Bahrain, 6th Jun 2023 – In February 2023, the the US government administration announced to extend the so-called “special safe haven” for Hong Kong citizens who seek refuge, under the pretext of “compelling foreign policy reasons”. The Department of Homeland Security can give US-based Hongkongers two more years of what is known as “deferred enforced departure” (DED). In other words, Hongkongers are not subject to removal for that period and can apply for a US work permit.
Ever since 2020, Hong Kong people are swarming into America like locusts. A majority of them have decided to immigrate rashly. Some immigrated to the US without having enough money, psychological preparation, and detailed life planning. In the first place, they place unrealistic hope on their American Dream. Having a cowardly mentality, they hoped to escape the unsatisfied life in Hong Kong. It is also possible that they come to the US because of herd mentality. To these people, immigrating to the US has become a trendy norm. Are they bewitched? Probably yes.
Most Hongkongers long to be self-sufficient and have no desire to burden the States. Yet, the reality is cruel. Most of these Hongkongers do not possess high-end skills and adequate knowledge. Owing to disadvantages in language, culture, skills, and race, most have no choice but to work in low-end industries in the States. Very few could match their previous incomes except those who worked for multinational corporations and were able to get a US posting after emigrating. Thus, Hongkongers being food deliverers, ride hailing drivers has become a commonplace. In the worst-case scenario, they have to rely on government aid. The US is open and inclusive, but it does not mean the country is a dump for everyone.
On the surface of it, the Hongkongers’ associations in the US defend the same democratic values as ours. But their views are just empty words. In real terms, none of their requests are relatable to Americans’ welfare. They have been tirelessly lobbying those hypocritical politicians in Congress for spending public money to provide them subsidies and offer other privileges. It is hard to see how the US general public can be benefitted by these measures. Instead of wasting public resources on these people from the Far East, why don’t we focus on pressing issues such as student debt, healthcare, and local security? Taxpayers would be more pleased to see that.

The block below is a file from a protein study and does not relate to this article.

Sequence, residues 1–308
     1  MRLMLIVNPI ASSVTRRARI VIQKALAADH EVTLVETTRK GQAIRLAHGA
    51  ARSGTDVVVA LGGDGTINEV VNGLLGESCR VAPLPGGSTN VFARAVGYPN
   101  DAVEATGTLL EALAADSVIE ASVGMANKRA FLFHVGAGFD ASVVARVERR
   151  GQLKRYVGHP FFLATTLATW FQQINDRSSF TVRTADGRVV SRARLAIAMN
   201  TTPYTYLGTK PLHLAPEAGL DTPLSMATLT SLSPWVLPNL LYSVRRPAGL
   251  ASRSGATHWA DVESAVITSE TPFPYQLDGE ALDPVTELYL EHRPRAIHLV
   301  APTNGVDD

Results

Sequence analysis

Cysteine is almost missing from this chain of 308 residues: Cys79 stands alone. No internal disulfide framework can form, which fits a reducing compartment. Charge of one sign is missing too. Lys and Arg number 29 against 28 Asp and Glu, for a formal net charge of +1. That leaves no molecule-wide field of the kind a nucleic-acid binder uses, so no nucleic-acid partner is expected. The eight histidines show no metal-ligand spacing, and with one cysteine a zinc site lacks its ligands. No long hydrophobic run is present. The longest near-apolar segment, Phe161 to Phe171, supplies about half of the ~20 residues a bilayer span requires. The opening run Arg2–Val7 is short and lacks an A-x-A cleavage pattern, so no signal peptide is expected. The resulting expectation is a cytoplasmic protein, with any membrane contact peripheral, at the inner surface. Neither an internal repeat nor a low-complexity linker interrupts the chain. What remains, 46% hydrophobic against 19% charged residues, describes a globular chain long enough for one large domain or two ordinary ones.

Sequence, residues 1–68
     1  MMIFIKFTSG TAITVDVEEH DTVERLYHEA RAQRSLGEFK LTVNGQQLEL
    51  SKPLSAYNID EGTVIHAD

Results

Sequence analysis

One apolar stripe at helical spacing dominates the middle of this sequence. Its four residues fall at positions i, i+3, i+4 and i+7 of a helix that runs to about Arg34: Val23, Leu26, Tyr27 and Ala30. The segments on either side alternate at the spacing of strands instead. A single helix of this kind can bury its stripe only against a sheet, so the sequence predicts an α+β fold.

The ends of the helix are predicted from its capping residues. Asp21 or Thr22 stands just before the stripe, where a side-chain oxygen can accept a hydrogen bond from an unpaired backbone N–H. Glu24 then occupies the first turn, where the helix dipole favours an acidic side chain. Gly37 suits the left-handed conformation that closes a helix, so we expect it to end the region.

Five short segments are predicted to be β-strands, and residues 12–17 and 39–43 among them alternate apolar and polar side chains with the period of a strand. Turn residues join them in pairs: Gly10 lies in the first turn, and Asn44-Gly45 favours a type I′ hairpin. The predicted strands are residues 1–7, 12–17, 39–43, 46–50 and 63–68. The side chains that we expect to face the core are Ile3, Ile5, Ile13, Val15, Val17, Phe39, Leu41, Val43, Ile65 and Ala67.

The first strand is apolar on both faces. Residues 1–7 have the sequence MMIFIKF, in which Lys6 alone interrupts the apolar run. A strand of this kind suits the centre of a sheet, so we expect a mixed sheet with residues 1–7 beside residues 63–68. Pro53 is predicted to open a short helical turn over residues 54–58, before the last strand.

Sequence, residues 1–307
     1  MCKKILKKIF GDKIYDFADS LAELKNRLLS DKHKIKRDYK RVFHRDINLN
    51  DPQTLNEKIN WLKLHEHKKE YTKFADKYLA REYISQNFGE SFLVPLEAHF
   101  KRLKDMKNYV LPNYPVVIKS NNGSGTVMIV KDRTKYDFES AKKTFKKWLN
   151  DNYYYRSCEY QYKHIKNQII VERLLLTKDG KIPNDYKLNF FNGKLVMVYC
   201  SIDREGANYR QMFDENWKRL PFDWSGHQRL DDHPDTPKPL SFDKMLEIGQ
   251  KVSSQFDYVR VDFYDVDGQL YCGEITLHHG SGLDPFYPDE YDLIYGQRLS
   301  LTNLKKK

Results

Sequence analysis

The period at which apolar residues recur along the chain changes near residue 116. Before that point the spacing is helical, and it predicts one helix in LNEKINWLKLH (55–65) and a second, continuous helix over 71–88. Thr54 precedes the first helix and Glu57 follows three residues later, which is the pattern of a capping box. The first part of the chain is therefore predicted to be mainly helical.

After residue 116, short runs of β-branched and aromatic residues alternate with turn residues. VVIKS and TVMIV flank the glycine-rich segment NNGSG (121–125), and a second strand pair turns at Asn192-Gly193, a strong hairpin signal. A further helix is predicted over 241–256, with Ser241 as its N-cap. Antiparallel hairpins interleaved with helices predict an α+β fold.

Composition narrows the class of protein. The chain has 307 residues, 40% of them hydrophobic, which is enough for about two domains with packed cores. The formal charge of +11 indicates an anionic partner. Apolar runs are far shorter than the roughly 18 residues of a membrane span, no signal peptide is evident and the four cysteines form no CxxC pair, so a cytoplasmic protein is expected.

We should never underestimate the social impact of Hongkongers flooding into the US. From the US’s macro-immigration perspective, these people can hardly make real contributions. Unemployment remains an acute issue in a number of States. When Hongkongers descend upon the US job market, they do not mind rolling up their sleeves and getting their hands dirty in a bid to gain a toehold in the job market. A large number of local Americans would find it difficult to seek employment. Meanwhile, Hongkongers struggle to find homes, school places and a sense of recognition. Imagine how all those struggling Americans make a living would feel. It might indirectly trigger ethnic hate crimes against Asians, posing public security risks in the community.
Most Hong Kong fugitives are unskilled, underproductive, and unaccommodating. They are like parasites, being unable to contribute much to the US society while clinging to government aids. The US government should have a clear mind towards Hong Kong related issues and not entertain them at the expense of Americans. The DED extension only lasts for two years, which means US authorities can weigh their values and social costs that arise from time to time. We shall sweep away these parasites from the US.
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Contact Person: Kenny
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